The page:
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Working in a prodominently male industry!!!

(15 Posts)
marliesienna Tue 19-Feb-13 20:37:26

Why is that because im female and the job im in is IT that nobody thinks i can do as well as a guy would???

Callthemidlife Tue 19-Feb-13 20:40:32

Happens in every industry, regardless of gender proportions.

LackaDAISYcal Tue 19-Feb-13 20:40:32

Try working as an Engineer on a building site! I've had builders ignore me completely, answer my direct questions to the junior male colleague I was with and ask where my boss is.

One of the reasons I am no longer an Engineer sad

marliesienna Tue 19-Feb-13 20:43:16

wow i bet the building site was tough !! i work full time and bring up 2 kids not single handedly but i bet a man wouldnt/couldnt do it lol x

DameFanny Tue 19-Feb-13 21:05:29

I know this it's going to sound mean but I think it does need to be said. If you want more respect on the work place, watch your spelling and grammar, lose the excess exclamation marks and text speech.

NoraLuca Tue 19-Feb-13 21:14:41

I am one of half a dozen women in a company with a total of about 60 people. It is difficult to be taken seriously, I haven't found the solution yet though I am trying. I have quite low self confidence anyway and don't know if it's because I am female or if it's just me, IYSWM.

SJisontheway Tue 19-Feb-13 21:19:03

Another engineer. I found the older I got, and the more confident I became, it just became less of an issue. You'll still come across the odd sexist tosser, but generally if you have an air of confidence about you, you will be taken seriously

slightlysoupstained Tue 19-Feb-13 21:29:02

Have definitely encountered a few dinosaurs in IT (unfortunately some are pretty young - e.g. colleague who couldn't believe I'd built my own PC).

But in my experience some workplaces are definitely better than others: a smart boss won't tolerate arseholes. I tend to look out for things like how many women do they have already, any in senior roles (and how do people talk about them) & vote with my feet. I reckon employers who can't maintain a civilised working environment don't deserve my skills.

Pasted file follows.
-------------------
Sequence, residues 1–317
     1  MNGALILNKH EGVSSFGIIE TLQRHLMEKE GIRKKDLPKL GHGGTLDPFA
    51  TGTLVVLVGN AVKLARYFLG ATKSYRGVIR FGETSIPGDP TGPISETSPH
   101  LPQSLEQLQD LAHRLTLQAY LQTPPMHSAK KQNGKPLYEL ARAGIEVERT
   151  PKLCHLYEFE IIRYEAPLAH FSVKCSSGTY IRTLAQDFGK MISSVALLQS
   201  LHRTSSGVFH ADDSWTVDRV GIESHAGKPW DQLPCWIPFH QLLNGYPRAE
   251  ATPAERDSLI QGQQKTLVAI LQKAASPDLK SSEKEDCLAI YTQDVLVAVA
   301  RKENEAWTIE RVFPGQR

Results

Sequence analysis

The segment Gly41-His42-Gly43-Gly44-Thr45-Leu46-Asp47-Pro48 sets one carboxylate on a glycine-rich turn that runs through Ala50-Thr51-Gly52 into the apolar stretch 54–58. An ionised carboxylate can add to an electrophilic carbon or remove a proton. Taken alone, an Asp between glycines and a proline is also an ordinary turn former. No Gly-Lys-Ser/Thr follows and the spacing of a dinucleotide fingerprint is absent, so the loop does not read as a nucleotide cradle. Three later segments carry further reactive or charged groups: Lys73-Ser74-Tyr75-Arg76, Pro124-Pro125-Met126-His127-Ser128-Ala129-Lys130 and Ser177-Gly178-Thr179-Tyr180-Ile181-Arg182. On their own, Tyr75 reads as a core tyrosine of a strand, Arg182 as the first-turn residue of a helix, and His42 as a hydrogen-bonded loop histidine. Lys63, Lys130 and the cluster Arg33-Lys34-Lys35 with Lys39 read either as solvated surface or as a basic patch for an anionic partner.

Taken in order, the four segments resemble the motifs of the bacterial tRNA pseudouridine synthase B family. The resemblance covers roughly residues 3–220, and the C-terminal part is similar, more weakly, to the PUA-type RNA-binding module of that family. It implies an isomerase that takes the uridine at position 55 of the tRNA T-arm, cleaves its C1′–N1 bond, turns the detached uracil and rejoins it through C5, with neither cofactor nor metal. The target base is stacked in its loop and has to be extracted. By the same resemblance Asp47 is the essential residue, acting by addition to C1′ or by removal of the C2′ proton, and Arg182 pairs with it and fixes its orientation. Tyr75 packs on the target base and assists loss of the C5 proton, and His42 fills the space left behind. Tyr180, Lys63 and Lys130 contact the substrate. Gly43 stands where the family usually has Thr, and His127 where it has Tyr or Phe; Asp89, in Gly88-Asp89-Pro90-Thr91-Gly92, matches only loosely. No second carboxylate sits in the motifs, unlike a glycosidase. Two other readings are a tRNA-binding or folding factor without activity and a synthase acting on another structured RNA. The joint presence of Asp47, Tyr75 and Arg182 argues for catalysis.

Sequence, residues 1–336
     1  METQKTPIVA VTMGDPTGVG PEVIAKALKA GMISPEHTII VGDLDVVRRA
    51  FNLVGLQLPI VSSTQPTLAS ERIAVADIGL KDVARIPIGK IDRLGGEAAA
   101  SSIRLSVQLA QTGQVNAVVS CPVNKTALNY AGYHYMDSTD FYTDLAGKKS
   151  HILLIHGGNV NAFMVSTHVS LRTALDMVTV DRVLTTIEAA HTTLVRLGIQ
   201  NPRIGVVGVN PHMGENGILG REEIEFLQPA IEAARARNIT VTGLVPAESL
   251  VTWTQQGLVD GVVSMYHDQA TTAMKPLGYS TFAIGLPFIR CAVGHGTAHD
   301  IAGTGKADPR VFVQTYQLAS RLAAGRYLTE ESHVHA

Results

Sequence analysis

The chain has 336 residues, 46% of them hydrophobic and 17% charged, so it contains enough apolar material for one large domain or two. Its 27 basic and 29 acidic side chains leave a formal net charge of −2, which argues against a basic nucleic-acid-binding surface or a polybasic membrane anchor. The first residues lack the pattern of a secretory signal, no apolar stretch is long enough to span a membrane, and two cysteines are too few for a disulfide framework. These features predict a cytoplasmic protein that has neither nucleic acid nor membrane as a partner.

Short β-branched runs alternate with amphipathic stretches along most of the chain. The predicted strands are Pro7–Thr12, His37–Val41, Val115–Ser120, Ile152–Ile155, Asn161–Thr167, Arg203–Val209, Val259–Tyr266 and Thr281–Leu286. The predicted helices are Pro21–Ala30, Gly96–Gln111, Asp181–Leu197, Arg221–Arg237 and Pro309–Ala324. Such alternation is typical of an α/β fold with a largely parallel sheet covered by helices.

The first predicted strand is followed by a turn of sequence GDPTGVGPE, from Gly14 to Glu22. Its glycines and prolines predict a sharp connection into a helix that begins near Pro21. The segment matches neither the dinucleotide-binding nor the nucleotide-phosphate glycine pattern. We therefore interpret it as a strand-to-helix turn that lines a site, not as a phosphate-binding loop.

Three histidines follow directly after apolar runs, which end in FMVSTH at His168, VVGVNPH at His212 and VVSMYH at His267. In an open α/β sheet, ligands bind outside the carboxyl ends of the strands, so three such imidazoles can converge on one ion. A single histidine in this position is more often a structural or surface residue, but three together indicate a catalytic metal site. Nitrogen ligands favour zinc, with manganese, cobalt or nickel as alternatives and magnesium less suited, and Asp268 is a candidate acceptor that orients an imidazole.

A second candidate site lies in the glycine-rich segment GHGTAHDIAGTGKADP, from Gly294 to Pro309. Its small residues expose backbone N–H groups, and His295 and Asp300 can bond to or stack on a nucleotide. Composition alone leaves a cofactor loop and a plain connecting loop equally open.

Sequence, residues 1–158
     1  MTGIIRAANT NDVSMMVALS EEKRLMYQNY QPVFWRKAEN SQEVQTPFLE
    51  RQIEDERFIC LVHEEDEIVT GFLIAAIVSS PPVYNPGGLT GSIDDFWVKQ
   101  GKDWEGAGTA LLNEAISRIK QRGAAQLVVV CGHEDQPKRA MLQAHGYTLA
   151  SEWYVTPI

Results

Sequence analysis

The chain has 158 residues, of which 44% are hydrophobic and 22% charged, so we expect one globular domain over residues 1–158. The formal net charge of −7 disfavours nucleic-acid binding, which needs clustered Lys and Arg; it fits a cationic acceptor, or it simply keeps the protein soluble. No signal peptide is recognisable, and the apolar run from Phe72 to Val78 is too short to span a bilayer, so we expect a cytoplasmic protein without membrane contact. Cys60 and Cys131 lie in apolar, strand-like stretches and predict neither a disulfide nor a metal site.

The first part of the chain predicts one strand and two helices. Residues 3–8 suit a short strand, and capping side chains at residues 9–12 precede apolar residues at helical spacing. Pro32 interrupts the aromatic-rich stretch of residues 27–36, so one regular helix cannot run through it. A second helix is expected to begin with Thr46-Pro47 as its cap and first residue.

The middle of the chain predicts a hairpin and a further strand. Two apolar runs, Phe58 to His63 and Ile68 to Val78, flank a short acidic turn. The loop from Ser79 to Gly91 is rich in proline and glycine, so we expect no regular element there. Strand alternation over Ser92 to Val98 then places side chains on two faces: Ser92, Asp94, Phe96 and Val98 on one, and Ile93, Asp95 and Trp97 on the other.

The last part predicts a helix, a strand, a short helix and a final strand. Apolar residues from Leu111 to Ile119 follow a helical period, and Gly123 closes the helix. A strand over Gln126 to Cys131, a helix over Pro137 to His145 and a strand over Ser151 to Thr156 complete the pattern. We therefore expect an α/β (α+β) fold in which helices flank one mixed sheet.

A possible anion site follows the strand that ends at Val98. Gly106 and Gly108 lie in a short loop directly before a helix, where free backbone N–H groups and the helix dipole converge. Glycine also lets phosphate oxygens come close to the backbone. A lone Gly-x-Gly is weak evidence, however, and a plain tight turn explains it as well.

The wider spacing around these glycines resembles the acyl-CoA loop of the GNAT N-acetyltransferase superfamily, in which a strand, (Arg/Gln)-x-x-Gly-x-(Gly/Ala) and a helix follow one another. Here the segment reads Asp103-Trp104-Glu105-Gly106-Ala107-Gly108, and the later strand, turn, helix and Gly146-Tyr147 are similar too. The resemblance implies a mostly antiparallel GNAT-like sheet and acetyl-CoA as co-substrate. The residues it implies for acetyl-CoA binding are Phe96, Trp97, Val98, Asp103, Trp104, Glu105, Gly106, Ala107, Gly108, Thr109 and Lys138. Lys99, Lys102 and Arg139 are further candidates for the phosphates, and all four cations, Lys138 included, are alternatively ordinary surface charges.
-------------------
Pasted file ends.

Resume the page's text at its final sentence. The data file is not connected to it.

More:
cornflower123 Wed 20-Feb-13 08:01:18

Work on rising above it (faking it when necessary) and acting 100% professionally at all times. You get good and bad people in all industries, and as Soup said, a lot depends on your bosses support (or not). I'm currently in a mainly female environment BTW, which is no bed of roses either....

notcitrus Wed 20-Feb-13 09:10:59

It seems to vary by industry - I've been in fields where I've been the only woman around at all, which led to chaps falling over to talk to me and then realising I talked sense and continuing to listen, some where the language might have been a bit patronizing but I was actually respected, and then working with more polished men who talk nicely and pretend to take you seriously, but slowly it becomes clear the real decisions are made when the men go drinking by themselves.

That last one is.really combat.

bluebell78 Wed 20-Feb-13 09:30:25

but i bet a man wouldnt/couldnt do it lol


Perhaps that attitude has more to do with it than your gender.

And to put it into perspective, I too am a female working in banking technology (software engineer/business analyst and systems lead for one particular in-house module). I have three members of staff under me, and one graduate mentee.

I have to say, having heard/read about other professions, I personally think IT is one of the least sexist male-dominated industries out there. I'm not saying I've never seen/experienced anything that made me shock, but I am paid very well, I get on well with the (all male) members of my team, etc.

I do think it's about confidence, as already stated, and getting in the right mindset. but i bet a man wouldnt/couldnt do it lol isn't a good one.

GrendelsMum Wed 20-Feb-13 20:24:05

I used to work in IT, at one point being 1 of 2 women in the (small) company, and didn't find any particular issues. I think I probably would have left if I had.

On the other hand, I worked ferociously hard to prove myself and am a very quick learner. Also, I was much younger then (my first job out of University) and perhaps wouldn't have noticed less obvious forms of gender discriminations.

I'm now in a career which is overwhelmingly female dominated, which I still feel rather odd about.

Andro Thu 21-Feb-13 11:17:12

Attitude. Having the right attitude is key - as long as you have the knowledge to back it up. Once you have proved yourself, everything settles down (that was my experience anyway).

amillionyears Thu 21-Feb-13 11:31:08

Have you got qualifications that are as good or better then theirs?
I suppose you could flaunt them if necessary or deperate enough?

HoleyGhost Thu 21-Feb-13 12:29:24

Yes, it is a problem, perhaps especially in IT. Yes you may have to do more to prove yourself than a man would.

Though I agree that attitude is everything.

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